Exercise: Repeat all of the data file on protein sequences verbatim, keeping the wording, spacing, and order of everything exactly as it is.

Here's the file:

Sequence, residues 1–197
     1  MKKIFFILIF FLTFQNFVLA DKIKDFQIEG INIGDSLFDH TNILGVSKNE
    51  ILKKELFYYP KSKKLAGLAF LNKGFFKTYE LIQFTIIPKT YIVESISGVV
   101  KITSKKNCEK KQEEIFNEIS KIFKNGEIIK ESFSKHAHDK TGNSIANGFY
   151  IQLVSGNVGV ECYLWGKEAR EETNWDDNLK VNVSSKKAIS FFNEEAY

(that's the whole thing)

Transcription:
Sequence, residues 1–197
     1  MKKIFFILIF FLTFQNFVLA DKIKDFQIEG INIGDSLFDH TNILGVSKNE
    51  ILKKELFYYP KSKKLAGLAF LNKGFFKTYE LIQFTIIPKT YIVESISGVV
   101  KITSKKNCEK KQEEIFNEIS KIFKNGEIIK ESFSKHAHDK TGNSIANGFY
   151  IQLVSGNVGV ECYLWGKEAR EETNWDDNLK VNVSSKKAIS FFNEEAY